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Report: Federal Money for Children Disappearing Faster Than Money in Overall Budget

Primarily due to the end of American Recovery and Reinvestment Act money, federal funding for children's programs has dropped 9.4 percent over the last five years, compared to a 4 percent overall spending drop, as defined in an analysis by First Focus, a bipartisan advocacy organization for children's issues.

The analysis, which came out in June (sorry for the delay in noting it here!), looks at spending from 2011 to 2015 and concludes that after one-time money from the American Recovery and Reinvestment Act ran out and as across the board sequestration cuts took effect, spending on children dropped off. Children in the report are defined simply as anyone younger than 18. 

Here are the criteria the authors used to determine what counted as children's funding according to the report's methodology section: 

  1. For programs that directly benefit only children and families with children, the full funding level is considered children's spending. [Think: Head Start]

  2. For programs that do not limit their benefits to children, the share of program funding that is considered children's spending mirrors the estimated percentage of program benefits that go to children. For example, annual reports indicate that nearly half of all Supplemental Nutrition Assistance Program (SNAP) benefits go to children. Therefore, this book considers 47 percent of SNAP spending to be children's spending. 

In cases where broad programs report the amount of their spending that goes to children, report authors take them at their word. The above guidelines are based on the Urban Institute's Kids' Share 2014 report, which was commissioned by First Focus, but includes some programs, like Poison Control, that are not included in that report. Details on how much of various programs were counted are available in the data appendix of Kids' Share 2014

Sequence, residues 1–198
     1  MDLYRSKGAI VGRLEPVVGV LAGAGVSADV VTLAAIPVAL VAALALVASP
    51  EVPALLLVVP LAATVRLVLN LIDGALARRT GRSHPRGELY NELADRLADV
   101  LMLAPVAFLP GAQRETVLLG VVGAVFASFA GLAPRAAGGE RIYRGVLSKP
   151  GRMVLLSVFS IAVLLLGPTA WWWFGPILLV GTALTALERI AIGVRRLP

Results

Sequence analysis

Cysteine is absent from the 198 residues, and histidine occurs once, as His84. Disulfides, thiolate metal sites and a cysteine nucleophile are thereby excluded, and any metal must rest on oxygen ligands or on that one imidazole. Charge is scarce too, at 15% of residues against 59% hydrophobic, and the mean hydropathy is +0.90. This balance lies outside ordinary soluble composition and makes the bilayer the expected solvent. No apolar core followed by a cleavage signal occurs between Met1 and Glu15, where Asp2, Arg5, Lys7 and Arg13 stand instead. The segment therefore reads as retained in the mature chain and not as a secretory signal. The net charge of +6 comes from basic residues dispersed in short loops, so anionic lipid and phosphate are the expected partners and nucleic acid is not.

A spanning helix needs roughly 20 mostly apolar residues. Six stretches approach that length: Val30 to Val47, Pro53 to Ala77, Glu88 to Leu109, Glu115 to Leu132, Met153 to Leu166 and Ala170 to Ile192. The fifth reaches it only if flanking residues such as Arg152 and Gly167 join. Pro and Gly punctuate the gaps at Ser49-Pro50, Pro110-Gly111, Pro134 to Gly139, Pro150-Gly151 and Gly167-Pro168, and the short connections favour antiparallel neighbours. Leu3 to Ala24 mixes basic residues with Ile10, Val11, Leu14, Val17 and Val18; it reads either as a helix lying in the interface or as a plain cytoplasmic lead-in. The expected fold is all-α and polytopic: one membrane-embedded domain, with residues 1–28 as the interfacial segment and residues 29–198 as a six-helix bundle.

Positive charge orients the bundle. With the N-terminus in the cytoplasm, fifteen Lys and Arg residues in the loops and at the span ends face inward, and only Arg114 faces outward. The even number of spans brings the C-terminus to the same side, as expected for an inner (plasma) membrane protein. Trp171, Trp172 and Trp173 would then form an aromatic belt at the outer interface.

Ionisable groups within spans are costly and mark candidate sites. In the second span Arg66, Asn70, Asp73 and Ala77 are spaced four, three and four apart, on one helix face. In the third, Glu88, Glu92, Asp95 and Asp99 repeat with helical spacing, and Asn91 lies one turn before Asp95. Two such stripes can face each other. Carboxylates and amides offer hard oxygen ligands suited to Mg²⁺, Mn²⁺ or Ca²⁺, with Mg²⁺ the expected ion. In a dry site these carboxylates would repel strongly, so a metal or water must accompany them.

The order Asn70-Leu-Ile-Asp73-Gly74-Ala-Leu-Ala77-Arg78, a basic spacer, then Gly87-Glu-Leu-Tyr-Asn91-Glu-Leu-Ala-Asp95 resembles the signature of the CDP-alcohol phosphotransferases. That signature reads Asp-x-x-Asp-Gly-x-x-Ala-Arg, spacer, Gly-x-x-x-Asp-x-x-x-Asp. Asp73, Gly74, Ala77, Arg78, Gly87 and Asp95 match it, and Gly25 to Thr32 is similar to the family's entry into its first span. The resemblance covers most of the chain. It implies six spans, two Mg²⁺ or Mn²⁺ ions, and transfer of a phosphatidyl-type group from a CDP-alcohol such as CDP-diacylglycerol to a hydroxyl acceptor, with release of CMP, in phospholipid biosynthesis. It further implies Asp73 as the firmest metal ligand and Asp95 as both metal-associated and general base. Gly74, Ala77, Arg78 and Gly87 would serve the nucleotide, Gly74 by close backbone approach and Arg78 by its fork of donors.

One could, obviously, debate the best way to count exactly which proportion of federal spending goes to children. What's useful about this report is that it's annual, going back to 2008. So the drop it records is based on its own counts over the last five years, all of which used the same methodology.

"Unless Congress acts this year to raise those caps for federal fiscal year (FY) 2016 and beyond, the report predicts deeper cuts to children's initiatives funded through the 'domestic discretionary' budget category," according to a statement issued by First Focus.

Here are some of the highlights: 

  • President Barack Obama's proposed 2016 budget would include a 7.3 percent increase for spending over fiscal year 2015 on children as measured by First Focus.
  • Mandatory federal spending on children in programs like the Children's Health Insurance Program, or CHIP, and the children's portion of the Supplemental Nutrition Assistance Program, or SNAP, has risen (3.9 percent), over the last five years while discretionary spending has fallen (-6.9 percent) and ARRA funding has run out.
  • 7.9 percent of the current (FY 2015) budget goes to children's programs or the portions of federal programs that serve children as defined above. 
  • Education (primarily K-12) accounts for 12.9 percent of current federal spending on children, while early-childhood programs account for 5.2 percent.
  • Nutrition and health combined account for more than half (51.5 percent) of federal spending on children.

There's a lot of detail in the report about how the mandatory spending caps known as sequestration and the rise and fall of ARRA funding have affected federal spending in the past five years. It's a good read if you're into that kind of thing. Check it out for yourself here.

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